(01:05): Hi everybody. Welcome back to another episode of the Hormone Prescription with Dr. Kyrin. Thank you so much for joining me today. My guest today is gonna shed some light on why genetics are so important when it comes to women's health, particularly over 40. We haven't focused in this way on genetics and epigenetics in the podcast. So I thought it's super important to have KIF on the podcast to really shed some light. And I wanted to start with that quote because you know, we take for granted that what we have is healthcare in America and most developed countries, and we call it that healthcare, but really it's just disease management. It's actually not the creation of health. So I love when K, she K, she says this, healthcare is studying the habits of those with the genes who didn't get the disease. And teaching that to the people who don't know.

(02:01): We used to think that there was genetic determinism after DNA sequencing was discovered several decades ago, and the Nobel Prize was awarded to Watson and Crick. And then we had this genetic determinism where all diseases determined by genes, it's predestined. It's out of our control. We don't have to worry about it. And in fact, when I practiced regular ob gyn, I would've women all the time come to me and say, oh, my mother had a hysterectomy at 45. It's time for mine as if that were genetically predetermined. It's not. In fact, genes only dictate about 10, maybe at most 20% of your health. But it's what genes get turned on that matters and what genes get turned off. And this is something called epigenetics epi, meaning above your genes. It turns them on and turns them off. So what creates health is your life habits that either turn certain genes on that you want or turn genes on that you don't want or turn bad genes off or turn good genes off.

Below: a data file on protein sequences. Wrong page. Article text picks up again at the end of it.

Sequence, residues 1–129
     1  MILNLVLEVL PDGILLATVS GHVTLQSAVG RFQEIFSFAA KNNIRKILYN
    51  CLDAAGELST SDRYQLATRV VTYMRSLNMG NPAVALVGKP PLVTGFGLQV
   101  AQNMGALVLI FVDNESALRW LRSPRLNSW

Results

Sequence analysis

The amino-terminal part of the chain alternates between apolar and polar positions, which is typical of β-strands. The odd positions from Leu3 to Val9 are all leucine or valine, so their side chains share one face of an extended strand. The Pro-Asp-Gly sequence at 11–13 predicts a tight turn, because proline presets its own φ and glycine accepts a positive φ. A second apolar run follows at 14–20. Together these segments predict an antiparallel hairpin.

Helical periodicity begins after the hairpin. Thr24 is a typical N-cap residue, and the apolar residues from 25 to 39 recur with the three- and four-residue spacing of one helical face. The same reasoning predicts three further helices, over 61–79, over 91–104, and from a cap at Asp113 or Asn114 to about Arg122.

(03:08): So it's all about epigenetics. So we're gonna dive into that in great detail. He's gonna dive into the topic of breast cancer, how it's not estrogen that causes breast cancer. Hopefully you don't believe that because all men and all women on the face of the planet have estrogen. And so if estrogen caused breast cancer, 100% of all men and all women would have it. And we don't. So it's something else. And one of the things that it is, is what your body does with that estrogen. So we're gonna dive into that and that's genetically determined. And you do have the power, you have the control to turn those genes on or turn 'em off. So which will you choose? I will tell you a little bit about Kashif and then we will get started. So Kashif is the chief executive officer and founder of the DNA company.